When we started programming EventFindr, we didn’t have much of a roadmap. We knew we wanted to search for live entertainment events using the TicketMaster Discovery API and we knew we wanted to allow the user to choose different parameters for their search. We had some ideas about which parameters we wanted to include, artist name, venue name, date, genre, but we weren’t sure yet which parameters the data from our API would include -- so we started poking around!
The TM API allows queries to a few different tables, but the three we decided we needed were attractions (artists, sports teams, etc.), venues, and events. Events was our join table since an attraction has many events and venues have many events. Luckily, we discovered that instead of simply referring to foreign keys of venues and attractions, the TM API embedded attraction and venue table entries in the return value of the event query! This enabled quick and easy access to all of the data we needed without making multiple queries.
So with our data in hand, we proceeded to write a method to query the API, parse the data, and iterate over its contents. But we needed a way to hide our API key! So we sequestered the key in a global variable in a special file all by itself and added that file to our “.gitignore” file. With the api key safe and local, we were finally able to query the API. The data we needed was sometimes nested up to nine(!) levels deep, but we eventually got all the specific data we needed.
Once we had our nested hash figured out, we pivoted to working on our database migrations -- we populated our three tables with all of the attributes we thought were necessary. Attractions have a name and a genre; venues have a name, address, and city (for ease of search); and events have venue/attraction ids (foreign keys), name, date, time, and url.
With our database set up, we could move on to populating our methods! We wanted at least four use cases, so we looked at the data available and came up with four types of searches: by city and date, by performer and city, “what tickets go onsale soon near me?”, and “pick and event for me to attend tonight!”. By city and date accommodates users looking for something to do on a specific date, by performer and city helps those looking for when their favorite artist plays in their town, when tickets go onsale is for those savvy concertgoers who buy early to get great seats, and the random event tonight is for those indecisive users looking for something to do that night. With our four use cases, we started designing the methods.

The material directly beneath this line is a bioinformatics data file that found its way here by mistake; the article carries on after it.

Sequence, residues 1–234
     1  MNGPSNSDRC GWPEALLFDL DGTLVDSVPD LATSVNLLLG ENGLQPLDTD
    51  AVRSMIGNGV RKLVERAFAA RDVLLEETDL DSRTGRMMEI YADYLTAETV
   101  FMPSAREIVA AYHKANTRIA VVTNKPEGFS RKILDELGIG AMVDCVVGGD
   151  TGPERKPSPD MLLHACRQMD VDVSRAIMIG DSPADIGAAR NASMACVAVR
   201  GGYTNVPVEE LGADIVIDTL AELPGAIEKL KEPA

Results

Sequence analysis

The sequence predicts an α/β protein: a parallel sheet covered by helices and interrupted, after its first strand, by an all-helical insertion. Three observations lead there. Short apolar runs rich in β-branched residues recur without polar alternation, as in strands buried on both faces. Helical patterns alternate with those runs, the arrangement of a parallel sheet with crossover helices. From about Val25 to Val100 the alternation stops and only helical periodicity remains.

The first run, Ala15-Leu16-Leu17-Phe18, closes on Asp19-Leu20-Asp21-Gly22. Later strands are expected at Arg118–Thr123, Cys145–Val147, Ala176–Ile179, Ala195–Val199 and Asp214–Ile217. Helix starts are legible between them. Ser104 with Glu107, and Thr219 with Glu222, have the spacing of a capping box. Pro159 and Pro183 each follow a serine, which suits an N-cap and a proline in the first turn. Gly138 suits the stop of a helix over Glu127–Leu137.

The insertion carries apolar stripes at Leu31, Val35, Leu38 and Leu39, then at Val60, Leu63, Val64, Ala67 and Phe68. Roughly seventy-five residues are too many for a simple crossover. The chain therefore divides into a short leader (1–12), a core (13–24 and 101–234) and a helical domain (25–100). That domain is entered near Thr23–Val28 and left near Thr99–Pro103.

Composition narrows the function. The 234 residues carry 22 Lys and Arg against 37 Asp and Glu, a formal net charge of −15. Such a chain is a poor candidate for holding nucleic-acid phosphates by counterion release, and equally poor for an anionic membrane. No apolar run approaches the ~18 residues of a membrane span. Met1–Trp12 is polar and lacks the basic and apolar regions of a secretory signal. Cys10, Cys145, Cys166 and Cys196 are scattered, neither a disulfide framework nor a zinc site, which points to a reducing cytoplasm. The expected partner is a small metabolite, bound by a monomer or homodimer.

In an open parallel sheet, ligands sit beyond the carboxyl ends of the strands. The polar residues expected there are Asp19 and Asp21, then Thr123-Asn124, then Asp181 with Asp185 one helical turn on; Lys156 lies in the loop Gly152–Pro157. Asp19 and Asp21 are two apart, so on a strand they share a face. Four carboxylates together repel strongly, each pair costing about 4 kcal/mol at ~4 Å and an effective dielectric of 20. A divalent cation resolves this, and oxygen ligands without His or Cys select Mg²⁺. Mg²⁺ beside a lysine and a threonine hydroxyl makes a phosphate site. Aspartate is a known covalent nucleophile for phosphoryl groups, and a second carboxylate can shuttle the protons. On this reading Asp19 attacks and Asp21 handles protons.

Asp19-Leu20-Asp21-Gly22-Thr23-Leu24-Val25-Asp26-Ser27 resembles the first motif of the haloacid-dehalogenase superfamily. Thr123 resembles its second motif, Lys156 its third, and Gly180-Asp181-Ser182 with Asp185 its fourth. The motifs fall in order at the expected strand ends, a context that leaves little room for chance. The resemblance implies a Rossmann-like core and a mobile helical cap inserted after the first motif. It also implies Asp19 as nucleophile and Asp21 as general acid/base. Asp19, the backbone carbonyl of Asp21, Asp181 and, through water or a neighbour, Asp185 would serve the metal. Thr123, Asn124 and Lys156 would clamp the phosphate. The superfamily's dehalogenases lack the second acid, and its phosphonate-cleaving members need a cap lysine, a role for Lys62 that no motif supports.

During this process, we discovered that not all of the data purported by the TicketMaster API to be present was actually there! We started getting NoMethodErrors from our iterating methods, the source of which was missing data. Of course there is no method available for keys that don’t exist! To remedy this, we taught ourselves how to use the rescue method -- that way, if we got a NoMethodError, we could handle the exception and substitute new code in place of our iterators. Variables previously set by the iterator were simply populated with placeholder messages like “no genre listed,” and “no time listed”. This enabled us to keep control of the flow of our program in the event of incomplete data.
Now that our methods were retrieving all of the correct data (present or not), we started instantiating Ruby objects based on those data -- easily enough completed, but we ran into another problem. Even though our has_many and belongs_to relationships were populated in our models, our objects weren’t associating with one another. To make matters worse, we were getting duplicate venue objects. There isn’t more than one Moore Theatre, for example, but here we were with multiple ruby objects for one theatre. The solution to this was very easy and belies what a rookie mistake we were making: we hadn’t set any relationships in our object-creation iterator! So we created a helper method that set the relationships using ActiveRecord’s handy association setter methods (event.venue = VenueObject1, event.attraction = AttractionObject1 and so forth). Finally! Our API query, object creation, database migrations, models, and methods were working in conjunction to give us the results we wanted.
Our interface is a very simple CLI, but it gets the job done. The menus loop appropriately, incorrect menu selections return a “please try again” message, and we can’t find any API query that breaks our methods (yet. Never will, fingers crossed).
If I were able to spend more time with this, I would find some gems to jazz up the appearance, come up with some more methods for more use cases, and perhaps even query the attraction and venue APIs directly to allow user searches by things like genre.
I learned a lot doing this first project! I’m really looking forward to learning libraries like React so I can move from CLI interfaces to something more modern and functional. But this was a fun first step!
EventFindr is a simple CLI used to find live entertainment events.
Run 'bundle install' to install required gems.
Create a file named 'api_key.rb' in the 'config' folder. Obtain an api key from ticketmaster here. Once api key is obtained, assign the key to the global variable '$key' as a string in the 'api_key.rb' file.
Run 'rake db:migrate' in the root directory to create the database locally.
Contributions are welcome. Feel free to open a pull request or branch from this project.